Lower Mississippi River: Environmental Literacy

Bill Dennison ·
24 April 2014
Environmental Literacy | 

'Environmental literacy' series

The seven environmental literacy principles for the Lower Mississippi River are the following:

  1. The Lower Mississippi River is undammed from St. Louis to its mouth in the Gulf of Mexico.
  2. The considerable commerce through the Lower Mississippi River includes oceanic transport up to Baton Rouge and barge transport throughout the remainder.
  3. Flooding and drought affect the river and adjacent floodplain.
  4. Bottomland hardwoods and wetlands are key habitats in the batture, the floodplain between the large river levees.
  5. The diverse human cultures along the Lower Mississippi River support industrial development, agricultural land use, and several cultural hubs.
  6. The current and historical Mississippi River delta has formed an ecologically productive series of wetland and nearshore habitats, which are susceptible to climate change (e.g., sea level rise) and ecological impacts (e.g., Gulf of Mexico hypoxia).
  7. In spite of various threats including incutting erosion in the tributary riparian soils, toxicants in the food web, salinization, degraded water quality and climate change, there is a paucity of monitoring data for the Lower Mississippi River.

1. The Lower Mississippi River is undammed from St. Louis to its mouth in the Gulf of Mexico.

The Upper Mississippi from St. Louis to Minneapolis/St. Paul, the entire Illinois River, and the Ohio River from the confluence with the Mississippi River to Pittsburgh, are managed as a series of dams and locks to maintain navigation. Most of the Tennessee and Missouri Rivers are managed as a series of dams for irrigation, flood protection and hydroelectric power. In contrast, the Lower Mississippi River is undammed and navigation channels in this portion of the Mississippi River are largely maintained by a series of dikes which restrict flow into the main channel, inducing scour by the water currents.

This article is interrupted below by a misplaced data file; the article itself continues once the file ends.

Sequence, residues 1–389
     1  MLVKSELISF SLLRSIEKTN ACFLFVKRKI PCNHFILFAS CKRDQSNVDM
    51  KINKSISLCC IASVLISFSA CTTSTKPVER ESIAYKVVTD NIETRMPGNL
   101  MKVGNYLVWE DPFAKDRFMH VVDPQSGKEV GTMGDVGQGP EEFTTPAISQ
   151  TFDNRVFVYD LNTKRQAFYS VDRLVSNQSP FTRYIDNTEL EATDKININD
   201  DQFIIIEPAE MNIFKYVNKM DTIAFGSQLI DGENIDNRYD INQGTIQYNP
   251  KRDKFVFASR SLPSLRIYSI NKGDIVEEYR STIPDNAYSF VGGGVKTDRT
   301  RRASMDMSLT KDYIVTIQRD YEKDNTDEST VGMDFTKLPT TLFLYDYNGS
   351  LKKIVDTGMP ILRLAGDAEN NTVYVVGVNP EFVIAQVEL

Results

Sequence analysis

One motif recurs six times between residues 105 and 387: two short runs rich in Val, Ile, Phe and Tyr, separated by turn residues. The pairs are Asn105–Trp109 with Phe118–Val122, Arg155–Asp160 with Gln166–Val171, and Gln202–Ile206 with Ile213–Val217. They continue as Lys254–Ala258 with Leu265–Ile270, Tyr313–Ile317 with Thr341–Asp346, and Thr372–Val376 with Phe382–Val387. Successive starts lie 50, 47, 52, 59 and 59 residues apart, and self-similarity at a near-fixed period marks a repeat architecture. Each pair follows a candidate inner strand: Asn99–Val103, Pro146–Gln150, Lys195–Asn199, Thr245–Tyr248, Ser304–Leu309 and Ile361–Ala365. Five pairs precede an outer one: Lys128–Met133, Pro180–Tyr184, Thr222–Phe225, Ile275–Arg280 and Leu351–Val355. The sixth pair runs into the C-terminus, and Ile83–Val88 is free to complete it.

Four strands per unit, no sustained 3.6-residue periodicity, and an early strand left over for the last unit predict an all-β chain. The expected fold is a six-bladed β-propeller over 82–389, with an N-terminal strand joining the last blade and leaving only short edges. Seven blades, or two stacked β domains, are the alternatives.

Mississippi-River-basin
Map of Mississippi River basin.

2. The considerable commerce through the Lower Mississippi River includes oceanic transport up to Baton Rouge and barge transport throughout the remainder.

The Lower Mississippi River has historically and is currently a major transportation thoroughfare. The early exploration and colonization of the United States was facilitated by river transport. Oceanic transport of containers and automobiles is limited to the coastal section of the the Mississippi River, that extends from the Gulf of Mexico to Baton Rouge, with a controlling depth of 45 feet. A fixed bridge spanning the river at Baton Rouge has served as an impediment to oceanic vessels. North of Baton Rouge, the controlling depth is 9 feet and the traffic is largely tugboats and barges laden with coal, grains and sand and gravel. The energy costs and associated carbon footprint for barge transport vs. rail or truck transport is considerably lower.

Barge-traffic-on-the-Mississippi-River
Barge traffic on the Mississippi River viewed from Memphis, TN.

3. Flooding and drought affect the river and adjacent floodplain.

Since the Lower Mississippi River is downstream from such a massive watershed, and there are no mainstem river dams in this section, there is a very real potential for flooding. In 1927, a major flood occurred accounting for a large loss of property and life. The last significant flood was 2011, but flood management levees and diversions onto adjacent lands and into distributaries were able to avert major damages and loss of life. Severe droughts also have affected this section of the river, with dredging and shallow draft barges required to maintain shipping. Droughts also affect the secondary channels.

1927-Mississippi-Flood
The Great Mississippi Flood of 1927, Arkansas City, Arkansas. Source: Wikipedia

4. Bottomland hardwoods and wetlands are key habitats in the batture, the floodplain between the large river levees.